Appearing on the UK-based label Trojan at the advent of the eighties, this album seemed to be aimed at the English youth who were soaking up heavy dub stylings for the first time on their native soil. It would be Prince Far I and others who would light the fire that would later deliver back post punk; Bauhaus, PIL, The Pop Group, and This Heat were definitely listening to these grooves. If you're deeply entrenched in all things Prince Far I, this record will stand out from his discography. 'Voice of Thunder' is one of the sparsest backing tracks he has ever lent his voice to, but when Far I is this fierce, you'll be glad he was able to give himself enough room in the mix to really stretch out. Nobody can deliver a “Rrrrrraaaaaastafari” quite like Prince Far I, and record closer 'Skinhead' proves he remains a master toaster, even when taken out of roots reggae environs or Old Testament context.
Sadly, like King Tubby, Prince Far I would be killed in a botched robbery at his home in Kingston a mere two years after cutting this record. His records up until his death proved he was moving in interesting directions. Prince Far I would condemn me to the fires of Babylon if he knew I was about to curse but I just have to say—this record is fucking great.
5. 'Roast Fish Collie Weed & Corn Bread' - Lee "Scratch" Perry (1978, Upsetter)
What kind of best of dub list would this be without the mention of dub’s greatest ambassador, the Upsetter himself, Mr. Lee “Scratch” Perry? Having been living large while signed to Island Record, and following up on his most successful offering, 1976’s 'Super Ape,' Perry’s skyrocketing fame momentarily sputtered as Island rejected this truly nutty masterpiece, citing its lack of commercial appeal. Though they would pick up his following record, 'The Return of the Super Ape' in 1978, Island must surely be kicking themselves for skipping over this one. 'Roast Fish Collie Weed & Corn Bread' is often cited as one of the most important dub records ever released, and is my personal favourite of the many gems in his overstuffed crown. This record, released at the height of dub, is Perry at his most unhinged and untethered. The 'found sounds' of cocking crows and mooing cows mix with the man himself getting in front of the board and providing all of the toasting and vocals. Perry was a full-fledged Rasta at this point, but for some reason keeps the lyrics light, with most dealing with the importance of eating healthy. Although Perry did attempt to get field recordings of cows, he ended up replicating a moo through a cardboard tube, loving the sound so much he inserted it indiscriminately through both sides of the record.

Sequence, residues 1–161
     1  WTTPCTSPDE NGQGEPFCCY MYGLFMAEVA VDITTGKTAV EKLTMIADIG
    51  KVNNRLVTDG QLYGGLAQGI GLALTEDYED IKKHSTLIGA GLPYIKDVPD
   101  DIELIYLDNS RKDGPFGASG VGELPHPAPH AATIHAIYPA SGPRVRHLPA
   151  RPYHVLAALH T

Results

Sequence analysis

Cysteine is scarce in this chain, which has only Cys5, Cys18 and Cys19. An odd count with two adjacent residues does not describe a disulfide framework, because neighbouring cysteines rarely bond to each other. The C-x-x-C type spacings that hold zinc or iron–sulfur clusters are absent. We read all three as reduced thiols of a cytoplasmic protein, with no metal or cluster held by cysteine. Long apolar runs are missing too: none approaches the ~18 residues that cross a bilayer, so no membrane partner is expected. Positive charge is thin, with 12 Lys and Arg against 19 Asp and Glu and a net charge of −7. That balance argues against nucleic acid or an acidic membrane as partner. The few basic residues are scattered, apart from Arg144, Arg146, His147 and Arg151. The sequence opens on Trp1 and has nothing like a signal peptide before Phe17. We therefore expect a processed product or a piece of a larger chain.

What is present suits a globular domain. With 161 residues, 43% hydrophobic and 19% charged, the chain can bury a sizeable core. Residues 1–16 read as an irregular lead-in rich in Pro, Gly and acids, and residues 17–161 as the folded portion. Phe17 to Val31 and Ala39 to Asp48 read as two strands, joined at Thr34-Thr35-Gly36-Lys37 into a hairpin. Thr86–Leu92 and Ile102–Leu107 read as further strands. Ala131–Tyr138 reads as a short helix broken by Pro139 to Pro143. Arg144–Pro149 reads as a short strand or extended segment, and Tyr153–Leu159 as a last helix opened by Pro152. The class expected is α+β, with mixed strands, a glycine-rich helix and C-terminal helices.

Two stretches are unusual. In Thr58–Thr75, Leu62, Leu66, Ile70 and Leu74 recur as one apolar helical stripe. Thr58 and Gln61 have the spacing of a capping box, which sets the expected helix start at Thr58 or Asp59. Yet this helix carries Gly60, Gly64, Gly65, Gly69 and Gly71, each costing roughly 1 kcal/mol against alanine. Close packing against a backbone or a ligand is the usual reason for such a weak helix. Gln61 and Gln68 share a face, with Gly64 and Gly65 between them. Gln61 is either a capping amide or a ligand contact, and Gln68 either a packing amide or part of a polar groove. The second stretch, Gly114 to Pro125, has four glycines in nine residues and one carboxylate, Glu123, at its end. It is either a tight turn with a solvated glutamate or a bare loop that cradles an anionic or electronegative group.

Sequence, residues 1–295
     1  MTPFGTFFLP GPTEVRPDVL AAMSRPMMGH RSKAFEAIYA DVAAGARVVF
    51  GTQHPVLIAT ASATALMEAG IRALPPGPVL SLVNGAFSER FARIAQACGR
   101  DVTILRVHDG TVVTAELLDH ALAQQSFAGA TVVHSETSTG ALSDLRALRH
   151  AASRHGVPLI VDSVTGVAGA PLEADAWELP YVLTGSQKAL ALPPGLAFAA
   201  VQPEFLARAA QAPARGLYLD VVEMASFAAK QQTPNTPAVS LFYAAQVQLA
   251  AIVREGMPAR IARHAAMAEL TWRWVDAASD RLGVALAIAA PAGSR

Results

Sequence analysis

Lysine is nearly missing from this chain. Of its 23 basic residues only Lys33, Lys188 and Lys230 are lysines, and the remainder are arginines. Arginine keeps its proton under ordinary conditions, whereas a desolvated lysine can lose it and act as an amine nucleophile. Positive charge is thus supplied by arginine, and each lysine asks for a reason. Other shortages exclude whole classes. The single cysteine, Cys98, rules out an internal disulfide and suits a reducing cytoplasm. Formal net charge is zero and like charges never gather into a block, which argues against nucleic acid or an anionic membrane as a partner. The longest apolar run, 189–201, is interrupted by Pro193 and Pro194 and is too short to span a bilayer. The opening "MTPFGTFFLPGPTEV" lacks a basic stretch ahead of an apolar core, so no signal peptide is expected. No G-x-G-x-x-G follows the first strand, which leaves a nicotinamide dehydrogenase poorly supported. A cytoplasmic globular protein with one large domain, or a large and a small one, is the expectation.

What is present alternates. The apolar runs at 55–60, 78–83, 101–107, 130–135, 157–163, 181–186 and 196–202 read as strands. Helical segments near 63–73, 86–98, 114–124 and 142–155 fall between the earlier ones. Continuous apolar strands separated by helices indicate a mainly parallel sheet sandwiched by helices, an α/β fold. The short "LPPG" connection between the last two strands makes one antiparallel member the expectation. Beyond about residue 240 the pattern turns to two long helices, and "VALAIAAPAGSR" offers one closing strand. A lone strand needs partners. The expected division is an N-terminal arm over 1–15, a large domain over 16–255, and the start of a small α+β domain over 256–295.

Despite being a touch eccentric, Perry is a master at the controls here, with a special penchant for letting melodies glide over the thick bass-driven grooves while utilizing amazing source material; these rhythms being driven by none other than reggae drum legend Sly Dunbar and recorded at his own Black Ark Studio. Audiophiles may complain that there is a bit of hiss and murkiness to this mix, but the lo fi homestead feel only seems to add to the feeling that this is being piped directly in from Dementia 13. Another slight (if you are really splitting hairs) is that Perry’s caterwauling is hardly the sweet flow of a Junior Murvin, but if you are getting a Lee Perry record to listen to his vocals, you are definitely reading the wrong online article.
By the time the mid-eighties came around, Perry had already burned down his studio and began releasing mediocre material from the nineties up until the present day. Watching his halfhearted toasting as he is currently propped up on stages across Europe is heartbreaking but in the seventies Perry was truly a young lion. 'Roast Fish' was a record made by a man with a clear vision and direction of where he wants to go, and something to prove to the rest of the word waiting and listening miles away from his tiny Caribbean island. If you were wondering just how avant-garde dub could get, this solid Perry jammer will have you circling the stratosphere. (Very ganja friendly—if not mandatory.)
Honourable mentions include 'Super Ape' by Lee "Scratch" Perry and The Upsetters (1976, Island Records); 'Best Dressed Chicken in Town' by Dr. Alimantado (1978, Greensleeves Records); 'Scientist Rids the World of the Evil Curse of the Vampires' by Scientist (1981, Greensleeves Records); and 'Apartheid' by Junior Murvin (1986, Greensleeves).